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The Girl Who Circumnavigated Fairyland in a Ship of Her Own Making, by Catherynne M. Valente

November 29, 2012

Wow.

I first discovered Catherynne M. Valente through a short story on the Internet that I cannot, for the life of me, find anymore.  It was a story about a demonness who got kicked out of Hell and plopped into New England long before any European settlers arrived there.  Since she’d been Hell’s baker before, she plies her trade with the mortals as the continent industrializes around her.

The story was dark and complex, just the way I like them.  It’s kind of like Gormenghast, the original Grimm’s tales before they got bowdlerized, and Gothic horror.  So I decided to pick up Valente’s latest novel, The Girl Who Circumnavigated Fairyland in a Ship of Her Own Making.  It’s a quick read.

At first I thought, oh, okay, Valente’s taking a break from her dark stuff to write a fluffy book.  The story starts off with a girl named September, who grows bored with her life in Omaha, Nebraska and gets whisked off to Fairyland on a green wind.  Hijinks ensue as she makes friends with a Wyverary and a Marid and gets tasked with stealing a spoon from an evil Marquess.  But then the story gets darker, and darker, until you realize that it’s not a fluffy book at all.  I won’t tell you the kicker of an ending, but I’ll share with you my favorite passage from the book:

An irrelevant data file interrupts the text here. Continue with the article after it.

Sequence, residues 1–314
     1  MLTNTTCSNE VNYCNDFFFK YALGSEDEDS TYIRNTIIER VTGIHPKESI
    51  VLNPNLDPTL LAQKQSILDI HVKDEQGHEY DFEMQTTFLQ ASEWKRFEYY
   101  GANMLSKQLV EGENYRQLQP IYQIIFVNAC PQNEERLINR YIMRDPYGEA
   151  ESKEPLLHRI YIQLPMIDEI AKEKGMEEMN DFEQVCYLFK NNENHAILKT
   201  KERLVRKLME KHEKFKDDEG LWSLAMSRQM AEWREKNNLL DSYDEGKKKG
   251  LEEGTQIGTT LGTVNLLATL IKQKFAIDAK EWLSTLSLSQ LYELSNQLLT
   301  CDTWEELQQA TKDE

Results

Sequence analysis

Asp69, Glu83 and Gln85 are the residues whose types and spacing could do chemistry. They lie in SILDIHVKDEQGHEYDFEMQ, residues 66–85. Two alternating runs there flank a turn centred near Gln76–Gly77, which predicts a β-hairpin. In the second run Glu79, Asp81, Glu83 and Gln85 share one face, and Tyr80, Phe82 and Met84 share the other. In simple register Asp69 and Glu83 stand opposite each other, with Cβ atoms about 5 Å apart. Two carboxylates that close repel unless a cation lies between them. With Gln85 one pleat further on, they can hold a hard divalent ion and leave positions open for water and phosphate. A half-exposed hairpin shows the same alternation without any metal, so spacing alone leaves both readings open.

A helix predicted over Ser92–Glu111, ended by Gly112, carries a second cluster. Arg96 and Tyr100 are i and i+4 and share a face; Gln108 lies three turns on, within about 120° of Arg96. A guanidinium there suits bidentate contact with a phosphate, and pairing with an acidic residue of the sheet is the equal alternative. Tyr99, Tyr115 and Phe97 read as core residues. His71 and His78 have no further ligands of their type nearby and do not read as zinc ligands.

Of course not.  No one is chosen.  Not ever.  Not in the real world.  You chose to climb out of your window and ride on a Leopard.  You chose to trade your shadow for a child’s life.  You chose not to let the Marquess hurt your friends – you chose to smash her cages!  You chose to face your own death, not to balk at a great sea to cross and no ship to cross it in.  And twice now, you have chosen not to go home when you might have, if only you abandoned your friends.  You are not the chosen one, September.  Fairyland did not choose you – you chose yourself.  You could have had a lovely holiday in Fairyland and never met the Marquess, never worried yourself with local politics, had a romp with a few brownies and gone home with enough memories for a lifetime’s worth of novels.  But you didn’t.  You chose.  You chose it all.  Just like you chose your path on the beach: to lose your heart is not a path for the faint and fainting.

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